If you go to The Camberwell Arms expecting to eat fish and chips, or a steak and ale pie, or any standard pub grub, you’ll be sorely disappointed. If you go to The Camberwell Arms expecting outstanding contemporary British dishes, served in vast volumes and washed down with comforting ales and flavourful wines, you will be completely satisfied.
We dined here on a busy Friday night, entering from the freezing cold and walking past the busy bar to the large dining area. The space is large and noise carries – you’ll be half shouting across the table at each other. But after a few beers and a glass of wine this is standard protocol for us anyway. I think a bit of noise in a restaurant creates a sense of excitement and community, a vibe of a common enthusiasm for sharing drinks and food with friends. The hard seating is slightly uncomfortable, if you lack padding like me, and the cosiness of the restaurant could be improved with some warmer lighting. However the decor definitely evoked a classic British pub with a modern edge, perfectly complementing the style of the food.
And the food really was fabulous. We began with octopus with confit potatoes, pickled red onion, aioli and smoked paprika,
and caramelised shallot and vacherin vol au vent.
The octopus was tender and bathed the rich, garlicy aioli. What I loved about the food here was when they said the dish would have a flavour, it really delivered with bags of that flavour. The dish was packed with smoked paprika, creating taste of fiery, charred meatiness. The vol au vent married umami with sweet, crisp with soft, to produce a vegetarian delight.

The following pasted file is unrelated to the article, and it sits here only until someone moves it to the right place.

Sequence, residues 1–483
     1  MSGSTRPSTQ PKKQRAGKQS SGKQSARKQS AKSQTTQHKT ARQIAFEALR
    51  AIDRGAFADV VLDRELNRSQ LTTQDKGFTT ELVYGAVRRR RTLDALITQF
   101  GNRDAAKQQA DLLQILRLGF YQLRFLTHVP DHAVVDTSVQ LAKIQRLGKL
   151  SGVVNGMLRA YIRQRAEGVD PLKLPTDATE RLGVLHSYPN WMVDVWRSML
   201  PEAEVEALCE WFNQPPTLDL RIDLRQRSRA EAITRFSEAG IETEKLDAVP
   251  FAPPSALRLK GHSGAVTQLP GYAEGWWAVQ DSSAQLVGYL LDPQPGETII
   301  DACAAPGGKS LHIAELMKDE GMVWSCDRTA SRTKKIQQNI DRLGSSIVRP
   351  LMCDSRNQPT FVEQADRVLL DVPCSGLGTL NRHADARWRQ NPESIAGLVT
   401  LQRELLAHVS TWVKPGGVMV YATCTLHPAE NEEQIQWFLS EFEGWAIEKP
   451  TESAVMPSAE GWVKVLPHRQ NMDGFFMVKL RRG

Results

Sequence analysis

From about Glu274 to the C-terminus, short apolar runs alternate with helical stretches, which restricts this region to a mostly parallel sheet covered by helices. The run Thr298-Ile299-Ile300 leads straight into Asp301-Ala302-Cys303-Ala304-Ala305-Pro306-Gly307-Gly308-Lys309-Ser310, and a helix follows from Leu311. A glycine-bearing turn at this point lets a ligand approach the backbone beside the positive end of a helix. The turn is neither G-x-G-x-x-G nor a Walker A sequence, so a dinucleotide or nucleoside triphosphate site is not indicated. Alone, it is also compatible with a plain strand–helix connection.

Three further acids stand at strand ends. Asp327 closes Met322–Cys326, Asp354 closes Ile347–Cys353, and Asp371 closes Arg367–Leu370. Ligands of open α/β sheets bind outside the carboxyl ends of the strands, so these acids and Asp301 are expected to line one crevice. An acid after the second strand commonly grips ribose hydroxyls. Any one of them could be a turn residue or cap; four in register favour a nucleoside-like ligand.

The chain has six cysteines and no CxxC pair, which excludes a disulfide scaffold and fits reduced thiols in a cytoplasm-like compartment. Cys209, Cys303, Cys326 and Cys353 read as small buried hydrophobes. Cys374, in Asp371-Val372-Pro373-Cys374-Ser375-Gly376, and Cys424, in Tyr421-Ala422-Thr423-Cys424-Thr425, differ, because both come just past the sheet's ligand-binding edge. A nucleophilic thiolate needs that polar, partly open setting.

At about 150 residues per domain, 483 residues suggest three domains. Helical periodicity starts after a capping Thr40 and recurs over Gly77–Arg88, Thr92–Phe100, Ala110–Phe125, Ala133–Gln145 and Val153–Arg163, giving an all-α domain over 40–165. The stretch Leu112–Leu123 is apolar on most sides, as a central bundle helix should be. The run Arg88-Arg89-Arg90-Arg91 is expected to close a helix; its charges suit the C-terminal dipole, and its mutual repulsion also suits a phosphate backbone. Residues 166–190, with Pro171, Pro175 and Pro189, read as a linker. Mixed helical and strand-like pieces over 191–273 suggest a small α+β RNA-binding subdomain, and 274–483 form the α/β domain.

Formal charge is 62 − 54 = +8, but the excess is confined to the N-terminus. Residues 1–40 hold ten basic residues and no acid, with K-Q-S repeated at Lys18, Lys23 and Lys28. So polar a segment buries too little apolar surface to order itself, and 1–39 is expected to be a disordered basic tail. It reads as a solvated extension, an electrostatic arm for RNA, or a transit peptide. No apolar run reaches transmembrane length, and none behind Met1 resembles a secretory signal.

For the mains we ordered beef and bone marrow pie (with lotso chips),
barbecued lamb, spinach, parmesan cream and crumbs,
and my unexpected favourite, Roast January King cabbage, fava bean hummus, zhoug, pickles and almonds.
The pie was fabulous, with a rich, decadent gravy and crisp, buttery pastry. The lamb was tender and sweet, but needed something sharp to cut through the creamy richness of the sauce. As for the cabbage, who knew cabbage could be so exciting. It was char-grilled to the point of bitter sweetness, and was a sheer delight when slathered in earthy, creamy humus and sweet sharp pickle. I can’t wait to try and recreate this dish at home.
A meal at The Camberwell Arms will set you back a bit more than a standard pub, with mains ranging from £10 – £20 per person and starters priced between £6 – £8. However the portions are ginormous (we couldn’t even tackle desserts, delicious though they sounded!), and of truly excellent quality. I left completely content and inspired to try and recreate some of the dishes – what more can you ask of a dining experience?
P.S. I’d also recommend this place for beer lovers. Me and sis found the beer went down a little too well …